Suryani Institute for Mental Health

Suryani Institute for Mental Health

The University of Southern California (USC) is one of the world’s leading private research universities. An anchor institution in Los Angeles, a global center for arts, technology and international trade, USC enrolls more international students than any other U.S. university and offers extensive opportunities for internships and study abroad. With a strong tradition of integrating liberal and professional education, USC fosters a vibrant culture of public service and encourages students to cross academic as well as geographic boundaries in their pursuit of knowledge. For those reason, a partnership to Suryani Institute for understanding culture and mental health in Bali is a building model for them to pursuit the knowledge.

“Years ago, I traveled to Bali and studied Balinese perceptions of child abuse and parental methods of discipline.  I have deep respect for the work of Prof Dr Luh Ketut Suryani writings through her books and journal articles along with the commitment that she has for the mental health issues of the Balinese’ said Rafael C. Angulo as the Coordinator of Family and Children Concentration & Public Child Welfare Subconcentration at School of Social Work of the USC during his visit to see the reality of Bali’s hidden mental health with Professor Luh Ketut Suryani as the leading psychiatrist that regularly visit the patients in community.

Read the rest of this entry »

Posted by cokyaya On July - 23 - 2011 Mental Health Project News

Global Post an on-line news portal in Boston, has a mission to provide original international reporting rooted in integrity, accuracy, independence and powerful storytelling that informs, entertains and fills the void created by diminished foreign coverage by American media. For that reason Sara Schonhardt from Global Post feels the need to write the story about the impact the institute is having on an issue that deserves a lot of attention. About 300 psychotic people still tied up in chains with some of them in cages hidden in the glamor tourism of the paradise island named Bali. The mentally ill are locked up by their own families and forced to eat, sleep and defecate in the same spot while their illness goes untreated in the Bali’s government ignorance of the problems.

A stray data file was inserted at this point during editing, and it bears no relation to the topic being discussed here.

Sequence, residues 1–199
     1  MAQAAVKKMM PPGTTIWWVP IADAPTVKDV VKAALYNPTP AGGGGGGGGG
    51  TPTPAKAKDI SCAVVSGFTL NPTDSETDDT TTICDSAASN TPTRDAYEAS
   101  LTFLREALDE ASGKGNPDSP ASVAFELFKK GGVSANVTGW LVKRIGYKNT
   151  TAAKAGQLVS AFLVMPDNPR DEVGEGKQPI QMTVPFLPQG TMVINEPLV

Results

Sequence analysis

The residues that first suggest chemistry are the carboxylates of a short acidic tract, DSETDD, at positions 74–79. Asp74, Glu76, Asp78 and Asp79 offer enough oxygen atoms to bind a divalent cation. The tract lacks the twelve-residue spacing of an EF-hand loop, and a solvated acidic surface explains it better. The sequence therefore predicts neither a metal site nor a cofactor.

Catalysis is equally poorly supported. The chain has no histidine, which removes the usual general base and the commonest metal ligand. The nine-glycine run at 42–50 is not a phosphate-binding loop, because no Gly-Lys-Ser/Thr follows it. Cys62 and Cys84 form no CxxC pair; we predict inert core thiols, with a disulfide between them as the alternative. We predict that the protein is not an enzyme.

“Encouraging thoughts and words of well meaning people are maybe nice, but remain superficial and empty without concrete action”, said Sara during her visit to the community with Professor Luh Ketut Suryani and Dr Cokorda Bagus Jaya Lesmana as the only psychiatrists that willing to do community mental health work in the community. The visit was follow by Dr Mel Borins, a family physician, Associate Professor in the Department of Family and Community Medicine at the University of Toronto and on active staff at St. Joseph’s Health Center.

 

 

Read the rest of this entry »

Posted by cokyaya On July - 9 - 2011 Mental Health Project News

Community psychiatry as community base treatment is defined by mixed systems of care for patients with severe and persistent mental disorders, which the focus of the initial movement 50 years ago was de-institutionalization, prevention, least restrictive options for care, and transformation of large public hospitals into multi-service regional centers. Unfortunately this situation was not applied to Indonesian and Bali’s mental health system. There are 300 people still left enchained in Bali.

“A while ago I saw the story about your work on Dateline in Australia and was deeply moved by the amazing work you do for the mentally ill in Bali”, said Cameron Herweynen, a Melbourne based international award winning Documentary and Travel photographer during his visit to Professor Luh Ketut Suryani.

 

 

 

Read the rest of this entry »

Posted by cokyaya On June - 10 - 2011 Mental Health Project News

Over 7000 people in Bali suffer from serious chronic mental illnesses, but are not reported (and naturally not treated). For various reasons, financial, social, political, educational, or simply shame, their families have been reluctant to seek help, while the few who did never received any. Therefore, as a last resort, these families may either abandon their mentally ill relatives in the jungle (hoping they will die or just forever disappear) or keep them under restraints, chained or inside makeshift cages.

“We feel Professor Luh Ketut Suryani’s work in community is indispensable and hugely important, we think it helps to improve the human rights of mentally ill patients, which is urgently needed all over the world”, said Laurent Delhomme as the editor and producer at YemaYa production that produced and distributed numerous films on French and international channels during his visit with Professor Suryani to community.

 

Read the rest of this entry »

Posted by cokyaya On May - 28 - 2011 Mental Health Project News